Working for nothing: How unpaid labour shapes women’s professional lives

Gender inequality isn’t a new thing but the COVID pandemic highlighted just how much women tend to be burdened with unpaid tasks outside of work.
Gender inequality isn’t a new thing but the COVID pandemic highlighted just how much women tend to be burdened with unpaid tasks outside of work. Copyright Canva
By Oceane Duboust
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The disproportionate share of unpaid work that women do is having an impact on their careers. How do different European countries compare in the imbalance of unpaid work?


Gender inequality isn’t a new thing but the COVID pandemic highlighted just how much women tend to be burdened with unpaid tasks outside of their jobs.

And this is having a significant impact on their career.

Women’s double burden impacts their professional opportunities

One of the reasons women may struggle to commit to and develop their careers is the load of unpaid tasks that they take care of daily.

This can relate to childcare, care of the elderly or domestic tasks. The imbalance between genders became especially apparent during the pandemic.

You can check how well - or how badly - your country is doing when it comes to the imbalance below:

The European Institute for Gender Equality (EIGE) said that unequal share of paid and unpaid work was “one of the root causes of gender inequality in society as a whole and in the labour market specifically” in its Gender Equality Index 2023.

For example, women in the UK spend four hours per day in unpaid work whereas for men, it’s a little over two hours, according to the OECD.

This means that women are effectively working two full-time jobs: One paid and one unpaid.

More subtly, all of the unpaid labour performed by women is affecting their career progression.

For example, in a hybrid work environment, men are more likely to come into the office and are perceived as more productive due to proximity bias, whereas women - as the more typical caregiver - stay away from the office to provide care at home while remaining part of the workforce, according to the Harvard Business Review.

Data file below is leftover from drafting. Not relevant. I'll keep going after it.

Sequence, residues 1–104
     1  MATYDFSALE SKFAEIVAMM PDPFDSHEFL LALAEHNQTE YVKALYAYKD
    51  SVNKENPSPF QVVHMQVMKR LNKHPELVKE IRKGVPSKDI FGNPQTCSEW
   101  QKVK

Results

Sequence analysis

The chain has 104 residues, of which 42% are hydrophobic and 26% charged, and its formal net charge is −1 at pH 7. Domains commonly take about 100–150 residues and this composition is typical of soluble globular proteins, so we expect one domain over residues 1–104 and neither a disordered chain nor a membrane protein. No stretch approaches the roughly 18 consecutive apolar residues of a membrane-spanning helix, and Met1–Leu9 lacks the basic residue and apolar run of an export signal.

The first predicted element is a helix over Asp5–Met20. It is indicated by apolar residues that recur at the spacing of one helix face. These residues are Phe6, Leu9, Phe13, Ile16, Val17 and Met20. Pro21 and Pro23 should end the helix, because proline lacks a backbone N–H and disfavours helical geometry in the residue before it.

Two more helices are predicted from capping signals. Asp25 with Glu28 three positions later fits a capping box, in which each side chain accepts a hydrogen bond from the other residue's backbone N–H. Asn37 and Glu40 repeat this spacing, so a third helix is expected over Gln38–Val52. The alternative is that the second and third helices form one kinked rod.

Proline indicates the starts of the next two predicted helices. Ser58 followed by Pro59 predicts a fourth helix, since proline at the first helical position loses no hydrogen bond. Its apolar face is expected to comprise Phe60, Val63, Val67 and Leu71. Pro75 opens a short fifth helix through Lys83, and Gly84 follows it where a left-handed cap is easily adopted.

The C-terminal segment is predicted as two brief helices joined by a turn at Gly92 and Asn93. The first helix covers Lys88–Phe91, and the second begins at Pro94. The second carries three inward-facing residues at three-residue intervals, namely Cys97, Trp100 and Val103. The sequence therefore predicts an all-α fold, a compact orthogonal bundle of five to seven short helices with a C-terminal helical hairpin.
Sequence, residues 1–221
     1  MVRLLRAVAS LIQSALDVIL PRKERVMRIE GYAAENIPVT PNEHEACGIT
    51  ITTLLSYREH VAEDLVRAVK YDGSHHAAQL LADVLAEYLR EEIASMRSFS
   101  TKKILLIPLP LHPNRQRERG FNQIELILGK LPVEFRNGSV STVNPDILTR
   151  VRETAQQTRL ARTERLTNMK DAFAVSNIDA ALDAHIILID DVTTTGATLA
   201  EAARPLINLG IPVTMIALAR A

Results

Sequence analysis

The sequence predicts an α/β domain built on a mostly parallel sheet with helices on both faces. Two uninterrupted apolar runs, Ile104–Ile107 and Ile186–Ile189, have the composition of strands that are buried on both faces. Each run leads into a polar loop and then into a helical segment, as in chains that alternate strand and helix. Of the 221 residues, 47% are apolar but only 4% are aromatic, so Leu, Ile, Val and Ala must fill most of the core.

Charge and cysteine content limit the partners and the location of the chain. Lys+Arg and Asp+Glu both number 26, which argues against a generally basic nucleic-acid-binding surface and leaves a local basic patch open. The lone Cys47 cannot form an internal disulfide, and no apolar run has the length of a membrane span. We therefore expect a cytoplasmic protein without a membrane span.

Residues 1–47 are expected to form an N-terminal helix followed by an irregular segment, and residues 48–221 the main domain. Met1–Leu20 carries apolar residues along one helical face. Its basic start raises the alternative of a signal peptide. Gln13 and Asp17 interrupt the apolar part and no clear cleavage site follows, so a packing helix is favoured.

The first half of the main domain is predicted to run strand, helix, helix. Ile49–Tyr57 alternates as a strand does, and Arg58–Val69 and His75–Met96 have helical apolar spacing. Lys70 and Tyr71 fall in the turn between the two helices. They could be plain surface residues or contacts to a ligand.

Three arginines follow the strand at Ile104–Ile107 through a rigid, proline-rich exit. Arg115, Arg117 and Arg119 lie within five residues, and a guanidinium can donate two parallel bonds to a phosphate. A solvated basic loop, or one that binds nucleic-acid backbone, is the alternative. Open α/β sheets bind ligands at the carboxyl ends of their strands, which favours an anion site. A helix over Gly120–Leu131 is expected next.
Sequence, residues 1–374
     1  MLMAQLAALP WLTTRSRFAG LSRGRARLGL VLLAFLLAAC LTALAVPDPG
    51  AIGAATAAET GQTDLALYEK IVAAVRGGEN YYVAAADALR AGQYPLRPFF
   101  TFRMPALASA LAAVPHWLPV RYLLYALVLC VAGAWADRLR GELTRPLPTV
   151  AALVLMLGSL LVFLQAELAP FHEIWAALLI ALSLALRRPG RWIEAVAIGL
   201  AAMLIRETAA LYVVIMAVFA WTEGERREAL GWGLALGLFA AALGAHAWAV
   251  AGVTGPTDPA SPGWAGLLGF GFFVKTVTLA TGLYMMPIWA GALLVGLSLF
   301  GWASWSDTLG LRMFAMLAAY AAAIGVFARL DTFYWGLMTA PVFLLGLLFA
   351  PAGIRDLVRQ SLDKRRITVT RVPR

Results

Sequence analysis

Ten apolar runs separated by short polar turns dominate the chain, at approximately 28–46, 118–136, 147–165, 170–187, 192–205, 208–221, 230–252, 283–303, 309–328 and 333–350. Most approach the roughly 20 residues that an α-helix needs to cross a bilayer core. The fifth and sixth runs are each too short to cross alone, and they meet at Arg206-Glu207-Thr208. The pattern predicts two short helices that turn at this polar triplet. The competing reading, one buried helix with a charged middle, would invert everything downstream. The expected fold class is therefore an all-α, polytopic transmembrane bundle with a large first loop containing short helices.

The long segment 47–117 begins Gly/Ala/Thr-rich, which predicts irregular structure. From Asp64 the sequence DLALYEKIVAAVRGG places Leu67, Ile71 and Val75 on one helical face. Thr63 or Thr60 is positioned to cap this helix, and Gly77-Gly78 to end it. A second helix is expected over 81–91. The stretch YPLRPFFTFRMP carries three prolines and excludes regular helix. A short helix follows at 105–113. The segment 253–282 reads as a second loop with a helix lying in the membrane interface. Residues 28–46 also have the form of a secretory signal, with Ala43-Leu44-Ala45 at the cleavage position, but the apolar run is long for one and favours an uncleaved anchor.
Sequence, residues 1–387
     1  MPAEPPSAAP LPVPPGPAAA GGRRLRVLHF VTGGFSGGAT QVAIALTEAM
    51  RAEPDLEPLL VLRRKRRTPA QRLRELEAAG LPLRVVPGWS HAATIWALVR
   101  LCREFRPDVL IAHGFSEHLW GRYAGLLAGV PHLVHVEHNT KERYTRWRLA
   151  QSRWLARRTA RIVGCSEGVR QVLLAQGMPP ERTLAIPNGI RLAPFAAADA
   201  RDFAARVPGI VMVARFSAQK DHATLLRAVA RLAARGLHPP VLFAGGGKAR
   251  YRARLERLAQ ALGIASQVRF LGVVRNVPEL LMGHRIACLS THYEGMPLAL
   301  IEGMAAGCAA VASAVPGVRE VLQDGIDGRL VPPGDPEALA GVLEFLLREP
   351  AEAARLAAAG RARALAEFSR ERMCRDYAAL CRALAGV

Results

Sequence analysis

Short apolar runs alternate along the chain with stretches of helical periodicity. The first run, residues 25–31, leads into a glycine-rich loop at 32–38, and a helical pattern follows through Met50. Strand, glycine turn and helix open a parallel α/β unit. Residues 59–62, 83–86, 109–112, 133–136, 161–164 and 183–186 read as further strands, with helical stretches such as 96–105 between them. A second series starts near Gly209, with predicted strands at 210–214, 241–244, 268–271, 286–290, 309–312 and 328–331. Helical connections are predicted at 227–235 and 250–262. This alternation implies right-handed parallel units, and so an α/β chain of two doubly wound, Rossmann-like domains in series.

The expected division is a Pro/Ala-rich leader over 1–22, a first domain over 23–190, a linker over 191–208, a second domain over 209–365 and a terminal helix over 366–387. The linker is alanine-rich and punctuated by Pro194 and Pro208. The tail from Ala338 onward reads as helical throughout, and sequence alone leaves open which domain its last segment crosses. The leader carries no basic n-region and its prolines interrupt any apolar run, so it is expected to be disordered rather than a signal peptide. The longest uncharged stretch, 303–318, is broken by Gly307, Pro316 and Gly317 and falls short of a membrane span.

Women’s career paths are therefore not so much slowed by a glass ceiling as hampered by a “broken rung”, meaning they face difficulties when it comes to stepping up to managerial roles.

For every 100 men promoted from entry-level to manager, only 87 women were promoted, according to 2023 data gathered by the consulting firm McKinsey. The number is even lower (73) when it comes to women of colour.

The vicious cycle of the pay gap

Unpaid care work is also directly linked to the gender pay gap within households.

Because women’s salaries tend to be lower, they are usually the ones who stop working to take over childcare as opposed to their male partners, according to Marie Sautier, a French sociologist interviewed by Le Monde.

And as women therefore spend less time in work on average than men, they find it harder to develop their careers and continue to earn less, exacerbating the already prevalent issue of the gender pay gap: The average gender pay discrepancy between employees in the UK in 2023, for example, was around 14%, according to the country’s Office of National Statistics.

Additionally, women who are responsible for a large amount of unpaid care work may find it difficult to work full-time hours, which can limit their job opportunities.

What are the solutions?

The negative impact of unpaid work on women’s professional lives isn’t inevitable, and there are ways to address it, according to experts.

For example, public awareness campaigns, education programmes, and financial incentives for fathers to take parental leave could promote a fairer distribution of the unpaid workload.


Sweden is the European country topping the rankings when it comes to gender equality, scoring 82 out of 100 with the EIGE. It also gives parents 480 days of paid parental leave, to be shared between them.

By comparison, France offers 25 days of paternity leave.

Overall, creating a supportive culture for working parents and carers could help women face the challenges linked to unpaid labour and combat the stifling of their careers.

In 2019, the European Parliament passed the Work-life Balance Directive “encouraging a more equal sharing of parental leave between men and women, and addressing women’s underrepresentation in the labour market”.

The deadline for all EU Member States to finally transpose the directive into national legislation was August 2022.


But there's still a long way to go and the European Commission is taking action:  in April this year, it decided to continue infringement procedures against a host of EU members, including Belgium, Ireland, Spain and France for failing to fully transpose the directive.

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